PRIME MINISTER URGED TO SAVE BRITISH MAN FROM EXECUTION IN USA
Tracy Housel, who is widely believed to have received an unfair trial, will have been on death row in Georgia for 16 years on 7 February.
He faces becoming the first British national to be executed in the US since the state of Georgia electrocuted Nick Ingram in 1995. On that occasion, Prime Minister John Major failed to intervene and Mr Ingram was executed despite, as was later revealed, clear signs that the state authorities had expected an appeal from Mr Major.
A US Supreme Court ruling â€“ Mr Housel's final judicial hope - is expected by the middle of February, and Amnesty International believes it is vital that Mr Blair makes a representation ahead of this. Failing this, there is a stronger likelihood that an execution date will be set within 10-20 days after the Supreme Court ruling, giving little time for a reprieve.
Amnesty International UK Director of Communications Richard Bunting said:
'With UK government concern at possible death sentences for British al-Qa'ida suspects in GuantÃ¡namo Bay making the news, there has been a deafening silence from Mr Blair's office over an injustice waiting to happen at the hands of the American authorities.'
Other heads of government have successfully intervened on behalf of their nationals on death row in the US. President Vincente Fox made a personal appeal on behalf of Gerardo Valdez, a Mexican national sentenced to death in Oklahoma. As a result, the Governor of Oklahoma granted a reprieve, after which the Oklahoma Court of Criminal Appeals issued an indefinite stay of execution.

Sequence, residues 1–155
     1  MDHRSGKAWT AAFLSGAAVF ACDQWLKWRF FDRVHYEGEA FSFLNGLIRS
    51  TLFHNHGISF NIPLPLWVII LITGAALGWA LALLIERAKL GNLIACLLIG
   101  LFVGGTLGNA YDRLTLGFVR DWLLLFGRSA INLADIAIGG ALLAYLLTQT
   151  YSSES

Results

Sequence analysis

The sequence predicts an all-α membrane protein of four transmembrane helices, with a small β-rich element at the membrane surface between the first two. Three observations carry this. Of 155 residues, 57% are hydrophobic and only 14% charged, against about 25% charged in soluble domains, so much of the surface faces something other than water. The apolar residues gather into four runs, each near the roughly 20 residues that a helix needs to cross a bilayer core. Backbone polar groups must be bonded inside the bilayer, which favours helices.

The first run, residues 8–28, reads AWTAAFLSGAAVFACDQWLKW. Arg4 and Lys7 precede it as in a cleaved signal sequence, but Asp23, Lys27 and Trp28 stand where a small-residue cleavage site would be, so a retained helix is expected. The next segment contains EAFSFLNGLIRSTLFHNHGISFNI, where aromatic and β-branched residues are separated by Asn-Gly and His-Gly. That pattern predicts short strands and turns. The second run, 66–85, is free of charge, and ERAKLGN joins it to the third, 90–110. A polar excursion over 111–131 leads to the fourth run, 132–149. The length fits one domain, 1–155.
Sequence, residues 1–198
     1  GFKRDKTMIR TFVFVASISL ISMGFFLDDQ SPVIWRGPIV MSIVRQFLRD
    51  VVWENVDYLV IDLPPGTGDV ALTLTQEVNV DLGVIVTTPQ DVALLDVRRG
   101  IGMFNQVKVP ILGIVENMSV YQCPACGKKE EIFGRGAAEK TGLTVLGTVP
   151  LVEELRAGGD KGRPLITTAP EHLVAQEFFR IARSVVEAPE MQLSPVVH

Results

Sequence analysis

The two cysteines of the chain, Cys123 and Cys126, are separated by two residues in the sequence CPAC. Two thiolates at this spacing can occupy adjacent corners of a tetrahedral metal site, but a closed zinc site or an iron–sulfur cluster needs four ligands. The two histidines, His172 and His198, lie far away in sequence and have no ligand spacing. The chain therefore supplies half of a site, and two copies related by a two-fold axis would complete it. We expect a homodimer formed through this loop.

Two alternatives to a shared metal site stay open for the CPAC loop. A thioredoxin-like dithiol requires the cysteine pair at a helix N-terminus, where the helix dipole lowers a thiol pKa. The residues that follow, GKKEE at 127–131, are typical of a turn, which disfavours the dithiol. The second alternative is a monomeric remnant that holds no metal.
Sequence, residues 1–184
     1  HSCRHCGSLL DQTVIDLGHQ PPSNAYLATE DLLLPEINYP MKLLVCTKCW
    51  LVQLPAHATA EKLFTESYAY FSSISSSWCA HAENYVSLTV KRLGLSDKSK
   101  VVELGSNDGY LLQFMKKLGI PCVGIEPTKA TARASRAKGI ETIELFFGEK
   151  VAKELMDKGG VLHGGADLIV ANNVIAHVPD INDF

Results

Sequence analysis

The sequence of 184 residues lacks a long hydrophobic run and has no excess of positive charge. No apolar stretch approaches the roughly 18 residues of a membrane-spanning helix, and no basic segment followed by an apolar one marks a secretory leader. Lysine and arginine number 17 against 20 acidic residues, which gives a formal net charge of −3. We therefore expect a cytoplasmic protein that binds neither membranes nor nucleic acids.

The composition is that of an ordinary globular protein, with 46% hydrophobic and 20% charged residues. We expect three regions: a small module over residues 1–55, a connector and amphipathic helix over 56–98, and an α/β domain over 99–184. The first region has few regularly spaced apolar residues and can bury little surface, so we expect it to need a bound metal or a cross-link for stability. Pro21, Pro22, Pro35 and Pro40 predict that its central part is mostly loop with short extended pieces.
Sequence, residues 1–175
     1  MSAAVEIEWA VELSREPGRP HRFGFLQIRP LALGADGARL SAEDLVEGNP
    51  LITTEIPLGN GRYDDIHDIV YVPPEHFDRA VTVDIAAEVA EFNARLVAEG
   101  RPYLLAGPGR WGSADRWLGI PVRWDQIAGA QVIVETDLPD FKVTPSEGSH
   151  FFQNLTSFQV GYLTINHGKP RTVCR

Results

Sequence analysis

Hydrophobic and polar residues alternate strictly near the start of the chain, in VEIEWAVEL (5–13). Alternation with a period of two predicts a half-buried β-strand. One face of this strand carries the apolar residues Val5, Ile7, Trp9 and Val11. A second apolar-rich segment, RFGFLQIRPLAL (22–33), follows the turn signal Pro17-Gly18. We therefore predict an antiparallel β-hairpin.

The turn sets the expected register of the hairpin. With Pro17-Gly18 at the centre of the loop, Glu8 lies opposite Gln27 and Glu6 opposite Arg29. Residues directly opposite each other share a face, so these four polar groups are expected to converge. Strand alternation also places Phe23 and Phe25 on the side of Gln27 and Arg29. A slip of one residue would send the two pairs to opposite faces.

·The jury in Mr Housel's case, where he was represented by a single court-appointed lawyer who had never handled a murder case, did not hear that the defendant was brain-damaged, abused as a child by an alcoholic father, or that at the time of the offence Mr Housel suffered a psychotic episode connected to a medical condition (hypoglycemia). Had this evidence been presented in court a capital sentence would have been unlikely.
·One hundred and twenty-one British MPs have signed an Early Day Motion (EDM) and an Amicus Brief (signed by 106 MPs, the Law Society and the Human Rights Committee of the Bar Council) on behalf of Tracy Housel; this was filed with the US Supreme Court on 22 January 2002.
·Vera Baird MP has sent a letter to all MPs who signed the Amicus Brief requesting that they write to the Prime Minister asking him to intervene personally.
·There are currently over 130 people on Georgia's death row. Twenty-seven prisoners have been executed in Georgia since 1976, with four men executed in the last two months alone.